As the book’s subtitle implies, Graham aims from the outset to present a heroic portrait of a striking historical figure. Douglass’ story is inspiring in itself; Graham uses style, dramatic structure and language to heighten the inherent emotional impact. Throughout the book, the language is thick, florid, evocative, and poetic. There is extensive use of metaphor, and the lofty vocabulary of political revolution and moral purpose is prominent. By juxtaposing Douglass’ personal story with the larger history of the nation, Graham invests her subject with great dimension and power. The detachment of the narrative voice allows Douglass to appear larger than life and avoids the necessity of examining his failings and weaknesses. The tone is often breathless and exuberant when describing Douglass or his actions. Superlatives are abundant, and moments and objects are given symbolic power in order to magnify their importance. For example, the process by which Douglass chooses his name is enlarged into a metaphor for the attainment of identity.
Douglass is presented as a magical, magnetic, and charismatic figure who seems incapable of mistakes. All who come into contact with him during the course of his life have an immediate and intuitive response, recognizing his inner strength, beauty, and wisdom. In such moments, Douglass himself is not presented dynamically, and his power is communicated by the response that it elicits from others, even notable...
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In 1947, There Was Once a Slave was awarded the Julian Messner Award as the best book published that year for fighting racial intolerance. Among the six hundred manuscripts that were nominated, Graham’s was selected by the judges—including noted writers Carl Van Doren, Clifton Fadiman, and Lewis Gannett—for the $6,500 prize. The volume also was chosen as an offering of the Book Find Club.
The critical response, however, was not so positive. Many reviewers immediately chastised Graham for taking extreme liberties with fact and detail. Some found the interpolations of invented dialogue with authentic quotes confusing. The book was criticized for sentimentality, overembellishment, and outright hero worship.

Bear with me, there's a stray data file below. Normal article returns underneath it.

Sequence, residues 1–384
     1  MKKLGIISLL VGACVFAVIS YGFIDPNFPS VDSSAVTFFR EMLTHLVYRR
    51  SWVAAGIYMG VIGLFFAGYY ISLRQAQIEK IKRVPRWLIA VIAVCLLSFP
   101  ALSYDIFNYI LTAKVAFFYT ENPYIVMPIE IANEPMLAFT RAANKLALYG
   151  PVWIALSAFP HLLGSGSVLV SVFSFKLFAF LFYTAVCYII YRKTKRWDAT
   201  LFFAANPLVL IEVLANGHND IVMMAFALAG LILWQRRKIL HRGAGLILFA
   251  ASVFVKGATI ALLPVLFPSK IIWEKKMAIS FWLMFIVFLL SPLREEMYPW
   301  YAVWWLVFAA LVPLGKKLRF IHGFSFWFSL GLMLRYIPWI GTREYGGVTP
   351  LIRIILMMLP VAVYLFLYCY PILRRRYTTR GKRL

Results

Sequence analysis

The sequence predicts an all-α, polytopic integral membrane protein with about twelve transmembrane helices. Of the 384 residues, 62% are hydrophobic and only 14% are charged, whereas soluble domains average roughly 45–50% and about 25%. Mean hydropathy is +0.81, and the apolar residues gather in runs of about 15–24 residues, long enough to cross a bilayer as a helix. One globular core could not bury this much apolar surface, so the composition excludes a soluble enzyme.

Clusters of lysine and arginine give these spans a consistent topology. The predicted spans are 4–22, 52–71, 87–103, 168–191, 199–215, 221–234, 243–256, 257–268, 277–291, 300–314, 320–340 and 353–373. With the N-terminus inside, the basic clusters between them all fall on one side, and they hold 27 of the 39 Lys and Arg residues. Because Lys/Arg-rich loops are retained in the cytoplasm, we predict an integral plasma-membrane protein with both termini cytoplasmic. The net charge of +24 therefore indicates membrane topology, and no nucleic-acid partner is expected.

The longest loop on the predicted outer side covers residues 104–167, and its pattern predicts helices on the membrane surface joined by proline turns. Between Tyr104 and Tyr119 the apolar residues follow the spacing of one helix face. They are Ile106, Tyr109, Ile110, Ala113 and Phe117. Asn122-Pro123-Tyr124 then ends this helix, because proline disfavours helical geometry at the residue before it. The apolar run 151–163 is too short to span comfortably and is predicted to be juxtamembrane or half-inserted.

The Chicago Sun reviewer considered the biography competent but believed that Graham failed to reflect Douglass’ vision and drive. The Commonweal reviewer, on the other hand, called the book a failure as biography but praised it as a concise history of the abolitionist movement. Among the harshest critiques was a piece in The Nation by James Baldwin who, at the age of twenty-three had not yet achieved fame as a prominent African-American novelist, essayist, and playwright. Baldwin refused to take Graham’s effort seriously as biography, and, in response to the Julian Messner Award, doubted that the book would have any effect in the war on intolerance. His review was caustic and sardonic, and he accused Graham of reducing a great and complex individual to an oversimplified, mass-market caricature.
There Was Once a Slave was the third in an impressive list of biographies of African-American and other political figures published by Graham. Other subjects include American actor Paul Robeson, Haitan leader Jean-Baptist Point du Sable, Egyptian president Gamal Abdel Nasser, Tanzanian president Julius K. Nyerere, and Graham’s eventual husband, African-American writer and educator W. E. B. Du Bois.